Yes you do need to worry about SIDs when you clone virtual machines – reasserting the ‘myth’


  • This article’s alternative title is “Do not always trust Google, or even those who seem so much smarter than you are – you never know, you may be cleverer than you think!“.

Today I did what a lot of I.T. people have done in the past, and will no doubt do in the future. All I wanted to do was make a ‘test’ Active Directory to do some testing with. I won’t go into all the details, but (suffice to say) I made two copies of my ‘test’ VMWare workstation image (loaded with a blank / vanilla-build installation of Windows 2008 R2)

  • On one of these images, I renamed the server and ran ‘dcpromo’ to make it a domain controller.
  • The intention was to make the second server image a member of that new AD (domain)

Having been in the I.T. business for 20 years I was well aware of the need to change the SID on one of these images (to stop potential problems) so I did a quick Google to remind myself of how to do this. I was surprised to find out that (near the top of Google’s results) was an article (also referred to here and here) written by seriously clever (Microsoft-associated) people telling me that it was no longer necessary to re-SID (a.k.a. ‘NewSID’) Windows 2008 R2 servers (and indeed that it probably was not necessary for many earlier versions of Windows either).

Like many people, I was massively surprised by this. However, I’ve recently found that taking Google’s advice (instead of relying on my gut belief) tends to be correct. Incidentally, similarly I’ve found myself trusting my SatNav more and more – and switching off my personal “I’m sure I know the best route” mechanism), but that’s another story.

  • I therefore decided to take the plunge, and *not* change the SID.

In some ways I was unsurprised to find that my system did not work. The solution? To change the SID of course!

If you’re interested in the full details, read on. If not, I guess it’s a lesson to us all – sometimes do not trust Google!


Here is the strange thing I saw when trying to add domain users into my ‘administrators’ group (on the second/member server):

Weird things before I changed SID

Weird things before I changed SID

The solution was to run sysprep (for example see instructions here or here). Afterwards, everything looked OK:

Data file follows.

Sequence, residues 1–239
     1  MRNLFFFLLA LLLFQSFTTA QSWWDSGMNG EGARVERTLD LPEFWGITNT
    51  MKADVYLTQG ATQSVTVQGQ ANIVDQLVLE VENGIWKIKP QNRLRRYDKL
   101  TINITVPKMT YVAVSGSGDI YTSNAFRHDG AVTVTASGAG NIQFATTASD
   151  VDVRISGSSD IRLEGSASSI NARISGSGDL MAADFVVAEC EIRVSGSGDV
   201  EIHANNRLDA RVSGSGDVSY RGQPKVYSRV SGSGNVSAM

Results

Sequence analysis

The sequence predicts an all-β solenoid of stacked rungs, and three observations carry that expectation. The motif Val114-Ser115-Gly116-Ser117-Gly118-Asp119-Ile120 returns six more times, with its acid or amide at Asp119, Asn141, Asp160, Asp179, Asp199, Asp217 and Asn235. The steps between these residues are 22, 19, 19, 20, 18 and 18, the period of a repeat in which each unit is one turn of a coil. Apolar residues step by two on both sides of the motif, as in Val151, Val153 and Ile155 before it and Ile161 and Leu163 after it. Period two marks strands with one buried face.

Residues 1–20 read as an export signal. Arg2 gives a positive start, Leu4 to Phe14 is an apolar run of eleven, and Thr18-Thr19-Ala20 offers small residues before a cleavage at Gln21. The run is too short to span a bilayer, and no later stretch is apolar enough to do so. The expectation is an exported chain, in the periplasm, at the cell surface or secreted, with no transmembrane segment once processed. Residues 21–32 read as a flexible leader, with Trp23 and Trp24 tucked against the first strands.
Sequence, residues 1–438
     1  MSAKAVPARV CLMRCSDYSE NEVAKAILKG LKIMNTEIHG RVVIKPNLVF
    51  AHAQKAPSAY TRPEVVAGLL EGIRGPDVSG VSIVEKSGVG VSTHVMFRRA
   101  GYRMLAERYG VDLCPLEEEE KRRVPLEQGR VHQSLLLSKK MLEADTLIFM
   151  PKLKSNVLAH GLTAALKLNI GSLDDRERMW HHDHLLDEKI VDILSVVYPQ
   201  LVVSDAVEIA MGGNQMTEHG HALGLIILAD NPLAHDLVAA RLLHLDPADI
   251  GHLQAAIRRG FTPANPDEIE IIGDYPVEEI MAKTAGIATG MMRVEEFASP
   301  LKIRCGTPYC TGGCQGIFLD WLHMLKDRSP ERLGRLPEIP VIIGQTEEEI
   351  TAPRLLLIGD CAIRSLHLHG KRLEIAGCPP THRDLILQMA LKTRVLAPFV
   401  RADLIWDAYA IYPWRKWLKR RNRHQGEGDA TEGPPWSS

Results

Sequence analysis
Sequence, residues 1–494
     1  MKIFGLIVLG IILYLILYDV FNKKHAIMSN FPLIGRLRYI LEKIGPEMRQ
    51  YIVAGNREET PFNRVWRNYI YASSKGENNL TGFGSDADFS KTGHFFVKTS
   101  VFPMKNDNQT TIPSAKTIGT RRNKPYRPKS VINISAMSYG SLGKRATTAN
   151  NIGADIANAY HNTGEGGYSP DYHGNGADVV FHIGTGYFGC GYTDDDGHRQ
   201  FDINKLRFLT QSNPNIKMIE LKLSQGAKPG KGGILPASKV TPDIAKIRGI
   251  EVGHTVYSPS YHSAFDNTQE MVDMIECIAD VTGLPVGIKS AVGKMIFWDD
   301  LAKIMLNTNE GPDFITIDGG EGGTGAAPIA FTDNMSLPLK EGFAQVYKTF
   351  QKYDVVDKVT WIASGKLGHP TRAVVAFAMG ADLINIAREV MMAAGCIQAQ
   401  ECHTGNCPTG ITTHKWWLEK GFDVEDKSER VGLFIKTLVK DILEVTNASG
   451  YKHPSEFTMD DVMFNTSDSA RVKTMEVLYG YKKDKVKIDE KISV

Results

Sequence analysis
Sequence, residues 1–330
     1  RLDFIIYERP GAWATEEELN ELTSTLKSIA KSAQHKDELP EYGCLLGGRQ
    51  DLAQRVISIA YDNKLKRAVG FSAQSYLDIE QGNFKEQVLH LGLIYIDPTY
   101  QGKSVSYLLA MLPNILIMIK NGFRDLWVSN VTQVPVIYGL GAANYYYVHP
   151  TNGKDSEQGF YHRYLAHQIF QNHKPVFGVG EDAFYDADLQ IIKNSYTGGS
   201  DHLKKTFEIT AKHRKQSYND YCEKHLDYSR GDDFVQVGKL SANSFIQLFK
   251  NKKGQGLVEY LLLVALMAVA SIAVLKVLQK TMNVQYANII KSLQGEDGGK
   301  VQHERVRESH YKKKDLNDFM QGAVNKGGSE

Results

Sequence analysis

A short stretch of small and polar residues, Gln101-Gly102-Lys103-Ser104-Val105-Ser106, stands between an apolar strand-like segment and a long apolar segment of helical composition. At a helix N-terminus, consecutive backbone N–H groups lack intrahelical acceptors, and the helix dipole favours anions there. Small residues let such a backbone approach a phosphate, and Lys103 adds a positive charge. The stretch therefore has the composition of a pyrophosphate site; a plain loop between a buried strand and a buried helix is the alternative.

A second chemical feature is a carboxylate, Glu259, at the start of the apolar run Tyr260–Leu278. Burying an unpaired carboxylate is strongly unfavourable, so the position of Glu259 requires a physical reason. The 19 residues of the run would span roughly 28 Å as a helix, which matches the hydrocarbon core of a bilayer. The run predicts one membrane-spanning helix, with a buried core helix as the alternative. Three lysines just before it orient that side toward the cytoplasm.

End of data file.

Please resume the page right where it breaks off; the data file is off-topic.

If you are really interested, then I believe that the answer to all of this is explained by Chris Lowde in his post (5 Nov 2009 8:39 AM) here.


3 thoughts on “Yes you do need to worry about SIDs when you clone virtual machines – reasserting the ‘myth’

  1. From the Russinovich article, specifically addressing your scenario:

    “As I said earlier, there’s one exception to rule, and that’s DCs themselves. Every Domain has a unique Domain SID that’s the machine SID of the system that became the Domain’s first DC, and all machine SIDs for the Domain’s DCs match the Domain SID. So in some sense, that’s a case where machine SIDs do get referenced by other computers. That means that Domain member computers cannot have the same machine SID as that of the DCs and therefore Domain. However, like member computers, each DC also has a computer account in the Domain, and that’s the identity they have when they authenticate to remote systems.”

    Only your DC has to be unique, not your member machines.
    If you sysprepped only your DC VM before promoting it, you could then clone your 2nd VM (unique from the DC) 100 times without sysprep, and join all 100 of those clones to that DC without any SID problems.

    As mentioned in the Russinovich article and comments, there are some applications out there that use the SID as an identity, and these can fail, but Windows itself works fine.

    • You are absolutely correct in everything you say. I (like many people before and after me no doubt) had not read the article carefully enough to spot that.
      Part of the reason behind my post was to (perhaps) help others who had not read the other article carefully, but (perhaps) the main reason was because it was a reminder to myself to not always trust the ‘headlines’ (e.g. titles of the articles) of the results that we read when we all Google 🙂

  2. Pingback: Derrick

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